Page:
‘Ice hovercraft’ tracks seen on Mars

marsLong thin grooves – called gullies – on the surface of Mars may have been made not by water but by blocks of frozen carbon dioxide – dry ice.

These blocks seem to have flowed down Martian sand dunes on cushions of carbon dioxide gas.

Researchers liken these icy sleds to small hovercraft “ploughing furrows as they go”.

The findings, published in the journal Icarus, were discovered on images from Nasa’s Mars Reconnaissance Orbiter.

The grooves – or linear gullies, were on Martian sand dunes and varied in length from only a few hundred metres to 2.5km.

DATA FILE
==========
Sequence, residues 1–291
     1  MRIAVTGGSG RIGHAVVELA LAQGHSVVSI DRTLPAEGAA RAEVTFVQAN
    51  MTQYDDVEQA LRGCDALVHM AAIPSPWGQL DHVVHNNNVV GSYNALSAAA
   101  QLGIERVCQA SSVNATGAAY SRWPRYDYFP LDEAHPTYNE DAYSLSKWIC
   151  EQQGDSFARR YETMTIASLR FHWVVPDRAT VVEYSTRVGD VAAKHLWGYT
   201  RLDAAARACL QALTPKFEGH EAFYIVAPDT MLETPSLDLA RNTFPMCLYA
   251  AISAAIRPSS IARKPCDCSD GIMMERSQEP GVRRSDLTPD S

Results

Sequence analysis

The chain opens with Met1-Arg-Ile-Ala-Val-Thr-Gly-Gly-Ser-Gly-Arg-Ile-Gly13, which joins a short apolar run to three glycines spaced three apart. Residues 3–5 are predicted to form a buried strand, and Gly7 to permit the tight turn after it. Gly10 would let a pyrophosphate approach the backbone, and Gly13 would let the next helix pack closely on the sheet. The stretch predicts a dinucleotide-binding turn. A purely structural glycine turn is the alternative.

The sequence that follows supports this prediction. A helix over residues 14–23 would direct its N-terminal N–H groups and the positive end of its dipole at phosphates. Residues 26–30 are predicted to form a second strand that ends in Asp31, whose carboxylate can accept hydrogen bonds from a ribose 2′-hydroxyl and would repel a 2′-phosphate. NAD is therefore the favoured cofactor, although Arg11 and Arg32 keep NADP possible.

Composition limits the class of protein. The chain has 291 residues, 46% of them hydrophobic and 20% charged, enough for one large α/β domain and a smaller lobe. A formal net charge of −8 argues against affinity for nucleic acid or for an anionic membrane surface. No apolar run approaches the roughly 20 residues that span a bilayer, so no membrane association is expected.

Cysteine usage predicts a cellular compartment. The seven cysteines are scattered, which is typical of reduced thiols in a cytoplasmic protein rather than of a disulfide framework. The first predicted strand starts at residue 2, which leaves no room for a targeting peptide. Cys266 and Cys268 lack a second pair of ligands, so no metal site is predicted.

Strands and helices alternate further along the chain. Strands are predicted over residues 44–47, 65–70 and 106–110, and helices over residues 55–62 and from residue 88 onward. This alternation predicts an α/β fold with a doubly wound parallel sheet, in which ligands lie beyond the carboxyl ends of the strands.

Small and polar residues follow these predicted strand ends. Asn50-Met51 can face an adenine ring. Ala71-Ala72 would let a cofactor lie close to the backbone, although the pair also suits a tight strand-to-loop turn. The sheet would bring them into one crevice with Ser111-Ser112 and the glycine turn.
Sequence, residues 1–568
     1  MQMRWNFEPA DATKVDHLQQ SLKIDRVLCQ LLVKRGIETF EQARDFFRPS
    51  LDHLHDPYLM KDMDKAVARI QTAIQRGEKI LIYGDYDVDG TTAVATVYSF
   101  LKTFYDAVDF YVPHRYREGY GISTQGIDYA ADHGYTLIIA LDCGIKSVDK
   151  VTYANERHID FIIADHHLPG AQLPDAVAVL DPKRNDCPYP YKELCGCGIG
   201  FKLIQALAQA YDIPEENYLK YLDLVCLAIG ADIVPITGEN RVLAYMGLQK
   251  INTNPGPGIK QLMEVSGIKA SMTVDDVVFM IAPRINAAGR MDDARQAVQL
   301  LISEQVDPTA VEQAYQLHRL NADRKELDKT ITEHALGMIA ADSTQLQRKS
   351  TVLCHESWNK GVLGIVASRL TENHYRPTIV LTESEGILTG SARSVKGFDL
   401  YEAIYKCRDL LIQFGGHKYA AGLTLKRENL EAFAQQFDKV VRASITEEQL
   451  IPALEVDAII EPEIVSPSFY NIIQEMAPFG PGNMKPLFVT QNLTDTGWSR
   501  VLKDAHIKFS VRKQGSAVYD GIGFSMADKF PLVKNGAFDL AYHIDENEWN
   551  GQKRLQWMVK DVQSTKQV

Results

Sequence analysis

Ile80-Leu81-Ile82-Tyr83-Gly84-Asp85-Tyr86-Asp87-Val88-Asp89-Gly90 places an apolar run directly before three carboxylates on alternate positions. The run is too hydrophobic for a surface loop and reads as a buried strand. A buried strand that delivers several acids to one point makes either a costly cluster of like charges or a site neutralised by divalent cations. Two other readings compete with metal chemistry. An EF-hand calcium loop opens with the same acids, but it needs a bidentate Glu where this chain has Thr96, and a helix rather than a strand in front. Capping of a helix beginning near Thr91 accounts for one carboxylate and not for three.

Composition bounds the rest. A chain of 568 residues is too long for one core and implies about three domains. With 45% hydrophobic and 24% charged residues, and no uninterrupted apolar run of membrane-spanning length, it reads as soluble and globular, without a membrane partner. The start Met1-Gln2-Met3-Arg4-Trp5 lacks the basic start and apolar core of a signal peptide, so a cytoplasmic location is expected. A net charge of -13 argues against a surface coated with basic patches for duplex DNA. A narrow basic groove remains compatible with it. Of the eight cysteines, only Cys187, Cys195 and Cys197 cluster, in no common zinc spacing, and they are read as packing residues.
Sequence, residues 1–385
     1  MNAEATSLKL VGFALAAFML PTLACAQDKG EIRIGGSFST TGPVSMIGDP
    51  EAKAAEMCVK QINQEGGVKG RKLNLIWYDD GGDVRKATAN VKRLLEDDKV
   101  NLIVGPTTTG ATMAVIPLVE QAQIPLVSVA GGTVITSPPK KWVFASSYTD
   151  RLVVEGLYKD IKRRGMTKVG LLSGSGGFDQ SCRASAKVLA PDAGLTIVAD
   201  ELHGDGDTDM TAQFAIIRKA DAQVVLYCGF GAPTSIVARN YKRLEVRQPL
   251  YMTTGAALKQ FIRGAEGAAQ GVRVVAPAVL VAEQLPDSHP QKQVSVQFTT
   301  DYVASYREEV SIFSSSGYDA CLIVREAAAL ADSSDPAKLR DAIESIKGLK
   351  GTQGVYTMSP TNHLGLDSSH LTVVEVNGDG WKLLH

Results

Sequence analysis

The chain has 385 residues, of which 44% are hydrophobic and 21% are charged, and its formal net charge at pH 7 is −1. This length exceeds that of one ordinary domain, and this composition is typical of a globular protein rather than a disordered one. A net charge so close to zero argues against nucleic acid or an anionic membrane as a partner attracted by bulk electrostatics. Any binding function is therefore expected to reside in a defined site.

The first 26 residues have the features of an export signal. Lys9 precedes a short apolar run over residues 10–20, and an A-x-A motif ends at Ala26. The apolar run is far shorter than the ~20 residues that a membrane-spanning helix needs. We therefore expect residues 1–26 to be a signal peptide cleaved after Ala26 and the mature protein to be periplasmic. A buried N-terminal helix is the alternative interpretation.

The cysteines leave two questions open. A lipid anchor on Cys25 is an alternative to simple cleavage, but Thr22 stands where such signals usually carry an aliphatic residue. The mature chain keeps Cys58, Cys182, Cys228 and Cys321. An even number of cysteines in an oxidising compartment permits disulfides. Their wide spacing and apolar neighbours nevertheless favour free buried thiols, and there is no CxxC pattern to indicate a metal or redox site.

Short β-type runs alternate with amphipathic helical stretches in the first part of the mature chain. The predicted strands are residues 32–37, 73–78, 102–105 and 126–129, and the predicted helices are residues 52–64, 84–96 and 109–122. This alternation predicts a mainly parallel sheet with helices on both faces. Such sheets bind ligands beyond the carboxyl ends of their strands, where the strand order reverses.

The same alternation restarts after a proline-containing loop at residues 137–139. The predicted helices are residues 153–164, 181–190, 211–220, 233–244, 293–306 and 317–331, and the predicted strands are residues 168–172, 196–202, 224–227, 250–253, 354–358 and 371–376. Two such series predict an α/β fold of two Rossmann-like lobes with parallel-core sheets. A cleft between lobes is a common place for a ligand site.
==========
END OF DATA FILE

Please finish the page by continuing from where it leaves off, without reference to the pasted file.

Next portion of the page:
They were found on dunes which are covered by frost during the Martian winter. Every winter Mars’ southern polar region is blanketed by a layer of dry ice, up to one metre deep. In the springtime, this seasonal polar cap sublimes – turns directly from solid into gas.

“Linear gullies don’t look like gullies on Earth or other gullies on Mars, and this process wouldn’t happen on Earth,” said Serina Diniega, a planetary scientist at NASA’s Jet Propulsion Laboratory and lead author of the paper.

source : http://www.bbc.co.uk/news/science-environment-22869184





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